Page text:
1. Issue-One

You want to set up a Linux box, and marvel at the delights of modern technology. To do so you must already be familiar with Unix system administration. To learn that you must have a working Unix box. Where do you start?

1.1 Layout
1.2 Step-by-Step
1.3 URLS - Hardware FAQ's
1.4 HOWTO's
1.5 pc-hardware-faq



Read through Raven cover to cover, then read the HOWTOS starting with the HOWTO-INDEX, and the Linux-META-FAQ. Then re-read all of Issue-1 (and 5-Planning), and get your hardware together. Then work through the rest if you need to. Then tell me what you think.

This is Raven-Hardware Issue-One. It won't tell you about your cutting-edge S3 PCI card, but it will remind you get one.

One day there will be a TOC, pasted here. Until then .. try the main page ssr01.html.



Many readers will already be Unix aware, many will be complete beginners. There is no easy answer. If you don't know how to do something you'll have to find out. I don't want to give baby-step instructions, but I'll try to sequence what you have to do, so that you can focus on the next step.

Although I find system administration interesting (yawn) maybe you don't, and you just want Linux running with TeX and 'Net facilities, anything else is not being a tool, but eating up drinking time.

However, load-and-go is not always so simple, especially if you've got the 'wrong' distribution, (there isn't one, but on that day you might think so).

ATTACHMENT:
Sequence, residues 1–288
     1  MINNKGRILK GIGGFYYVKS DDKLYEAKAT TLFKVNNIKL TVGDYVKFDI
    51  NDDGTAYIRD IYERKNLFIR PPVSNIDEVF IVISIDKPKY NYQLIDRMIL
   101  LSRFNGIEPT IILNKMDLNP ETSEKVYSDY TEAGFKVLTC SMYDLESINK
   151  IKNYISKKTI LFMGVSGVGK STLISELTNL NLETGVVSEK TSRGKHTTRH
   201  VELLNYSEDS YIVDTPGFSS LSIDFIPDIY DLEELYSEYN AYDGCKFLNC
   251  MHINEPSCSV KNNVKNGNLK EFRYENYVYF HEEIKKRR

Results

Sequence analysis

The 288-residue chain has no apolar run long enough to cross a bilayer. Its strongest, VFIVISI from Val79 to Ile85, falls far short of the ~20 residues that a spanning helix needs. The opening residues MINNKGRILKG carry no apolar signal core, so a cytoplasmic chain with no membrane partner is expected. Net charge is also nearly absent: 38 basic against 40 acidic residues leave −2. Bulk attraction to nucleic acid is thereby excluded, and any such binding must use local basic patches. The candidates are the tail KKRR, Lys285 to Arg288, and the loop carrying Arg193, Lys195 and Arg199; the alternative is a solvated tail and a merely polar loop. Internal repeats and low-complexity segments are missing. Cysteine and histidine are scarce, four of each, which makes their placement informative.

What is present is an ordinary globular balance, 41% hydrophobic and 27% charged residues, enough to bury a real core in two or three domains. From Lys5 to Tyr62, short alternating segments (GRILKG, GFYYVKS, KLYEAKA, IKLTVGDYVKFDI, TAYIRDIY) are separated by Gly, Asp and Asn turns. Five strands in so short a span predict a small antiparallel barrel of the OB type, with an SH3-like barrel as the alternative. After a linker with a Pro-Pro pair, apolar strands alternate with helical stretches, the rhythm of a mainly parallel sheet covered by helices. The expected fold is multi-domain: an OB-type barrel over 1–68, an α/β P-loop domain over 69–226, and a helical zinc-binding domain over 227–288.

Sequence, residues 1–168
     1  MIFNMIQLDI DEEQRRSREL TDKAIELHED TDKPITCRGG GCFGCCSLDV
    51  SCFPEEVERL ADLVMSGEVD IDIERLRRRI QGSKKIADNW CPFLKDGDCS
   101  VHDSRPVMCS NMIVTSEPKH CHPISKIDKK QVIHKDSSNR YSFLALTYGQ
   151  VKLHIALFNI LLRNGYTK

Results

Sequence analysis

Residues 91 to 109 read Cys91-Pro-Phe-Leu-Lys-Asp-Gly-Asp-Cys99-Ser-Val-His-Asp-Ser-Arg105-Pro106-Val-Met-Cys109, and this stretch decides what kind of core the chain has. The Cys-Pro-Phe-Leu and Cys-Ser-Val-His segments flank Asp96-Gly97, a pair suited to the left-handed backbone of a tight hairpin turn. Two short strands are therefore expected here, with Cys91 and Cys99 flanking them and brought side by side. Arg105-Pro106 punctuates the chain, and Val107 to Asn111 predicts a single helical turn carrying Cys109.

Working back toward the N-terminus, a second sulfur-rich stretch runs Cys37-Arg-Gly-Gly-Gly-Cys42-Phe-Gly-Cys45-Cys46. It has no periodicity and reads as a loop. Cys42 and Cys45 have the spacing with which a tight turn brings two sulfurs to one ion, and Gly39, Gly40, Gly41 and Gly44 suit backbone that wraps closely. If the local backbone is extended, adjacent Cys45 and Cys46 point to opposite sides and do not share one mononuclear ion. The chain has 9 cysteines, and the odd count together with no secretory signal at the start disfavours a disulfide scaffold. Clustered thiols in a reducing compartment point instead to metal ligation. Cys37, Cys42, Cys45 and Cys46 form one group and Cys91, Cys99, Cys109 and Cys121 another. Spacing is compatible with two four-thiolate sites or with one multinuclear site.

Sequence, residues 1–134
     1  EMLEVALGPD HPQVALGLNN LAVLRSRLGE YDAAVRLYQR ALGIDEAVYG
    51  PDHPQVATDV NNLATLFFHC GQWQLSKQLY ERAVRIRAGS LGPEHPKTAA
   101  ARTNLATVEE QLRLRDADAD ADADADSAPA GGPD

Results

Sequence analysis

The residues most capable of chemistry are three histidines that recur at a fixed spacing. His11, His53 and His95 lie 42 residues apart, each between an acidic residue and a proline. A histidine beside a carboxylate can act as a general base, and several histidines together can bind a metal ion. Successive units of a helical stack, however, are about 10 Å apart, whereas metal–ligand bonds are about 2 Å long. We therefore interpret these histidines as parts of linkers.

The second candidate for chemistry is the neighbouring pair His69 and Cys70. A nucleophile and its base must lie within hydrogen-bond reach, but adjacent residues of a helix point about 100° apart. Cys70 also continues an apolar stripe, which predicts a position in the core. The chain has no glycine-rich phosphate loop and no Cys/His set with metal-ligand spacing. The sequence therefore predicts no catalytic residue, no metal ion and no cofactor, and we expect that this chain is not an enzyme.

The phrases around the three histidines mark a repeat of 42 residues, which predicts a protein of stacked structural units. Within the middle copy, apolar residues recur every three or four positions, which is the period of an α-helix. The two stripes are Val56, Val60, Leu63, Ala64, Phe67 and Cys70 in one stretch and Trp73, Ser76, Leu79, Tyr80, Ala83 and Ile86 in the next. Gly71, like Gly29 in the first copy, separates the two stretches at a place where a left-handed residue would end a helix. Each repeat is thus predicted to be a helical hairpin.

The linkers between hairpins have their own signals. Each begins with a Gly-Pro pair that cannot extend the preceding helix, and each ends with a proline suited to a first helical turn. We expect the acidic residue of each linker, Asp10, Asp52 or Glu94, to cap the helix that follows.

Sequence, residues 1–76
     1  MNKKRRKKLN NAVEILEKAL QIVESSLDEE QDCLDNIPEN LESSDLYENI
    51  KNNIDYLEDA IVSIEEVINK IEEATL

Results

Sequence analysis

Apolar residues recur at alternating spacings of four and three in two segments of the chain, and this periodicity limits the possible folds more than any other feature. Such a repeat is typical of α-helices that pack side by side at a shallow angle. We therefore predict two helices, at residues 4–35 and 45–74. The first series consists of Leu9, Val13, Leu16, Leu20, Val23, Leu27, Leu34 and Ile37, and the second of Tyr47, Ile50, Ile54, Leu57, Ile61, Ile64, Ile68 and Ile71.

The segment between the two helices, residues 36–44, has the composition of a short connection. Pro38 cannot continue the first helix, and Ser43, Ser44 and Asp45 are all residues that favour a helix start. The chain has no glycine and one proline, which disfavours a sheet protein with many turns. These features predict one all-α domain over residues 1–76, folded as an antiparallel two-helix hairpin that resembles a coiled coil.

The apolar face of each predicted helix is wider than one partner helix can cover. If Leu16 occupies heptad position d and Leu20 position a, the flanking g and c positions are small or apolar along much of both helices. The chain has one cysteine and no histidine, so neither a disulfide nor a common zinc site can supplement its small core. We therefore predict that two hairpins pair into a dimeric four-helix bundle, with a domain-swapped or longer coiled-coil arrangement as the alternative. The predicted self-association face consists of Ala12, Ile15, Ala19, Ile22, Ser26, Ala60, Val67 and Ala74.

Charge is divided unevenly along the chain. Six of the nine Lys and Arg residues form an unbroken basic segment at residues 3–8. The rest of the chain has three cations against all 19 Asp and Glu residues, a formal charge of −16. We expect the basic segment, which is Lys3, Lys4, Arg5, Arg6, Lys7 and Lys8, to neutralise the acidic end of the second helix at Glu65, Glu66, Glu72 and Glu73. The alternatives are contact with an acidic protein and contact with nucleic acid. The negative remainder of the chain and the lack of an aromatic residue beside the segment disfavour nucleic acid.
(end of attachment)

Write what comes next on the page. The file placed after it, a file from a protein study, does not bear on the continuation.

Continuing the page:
A minimum 'system' is a BOOT+ROOT floppy disk pair. That is an integral Linux system, capable of accessing WIN.311 shares over the net! Above that, any distribution adds huge volumes of files, arranged in packages.


URLS - Hardware FAQ's

If you have Internet Facilities at work (uni), you have access to a lot of on-line documentation.

Naturally, these get a bit technical in places. Just skim over those parts to find what is relevant to you.



The online Index of Howto's is available from http://sunsite.unc.edu/mdw

The Linux Documentation Project (LDP) includes several guide-books, and many HOWTO's. All of the HOWTO's, except the mini-howto's, are written and distributed in SGML using the linuxdoc.dtd.

These can be converted to HTML or to TeX (hence postscript) using sgml-tools, or possibly other tools. Other formats are possible, such as RTF, so that MS-WORD can read them.

Look in your CDROM for pre-formatted text or HTML versions, often installed into /usr/doc/. If you have a working browser, they are also on the net.

The HOWTO maintainers, maintain a directory of the source files, and generate the other formats into compressed archives on sunsite.

The main distributions (DebIan, RedHat, SlackWare, ... ) also generate the HTML pages for you, usually placing them in /usr/doc/

The HTML generated by sgml-tools, is quite standard, and can be accessed from all browsers, including non-graphical ones like lynx.

To convert the texts for yourself, you need sgml-tools or the older (but on your CD's) linuxdoc-sgml. There are other SGML environments, this is just for the HOWTO's.



The pc-hardware-faq is a 5 part faq about ibm.pc hardware, BIOS information, etc It applies to Linux and DOS. Near there is an E-IDE FAQ which tells you about good / bad hardware and the symptoms. It has a list of EIDE manufacturers' URLs.


pc-hardware-faq/enhanced-IDE/part2 says:
PIO-0 is  3.3 MB/s
PIO-4 is 16.6 MB/s

it also lists the IO_PORTS for 4 IDE cables (two cards).
Near there are other URL's about graphics cards and other things.
There are other docs, and news groups with FAQ's.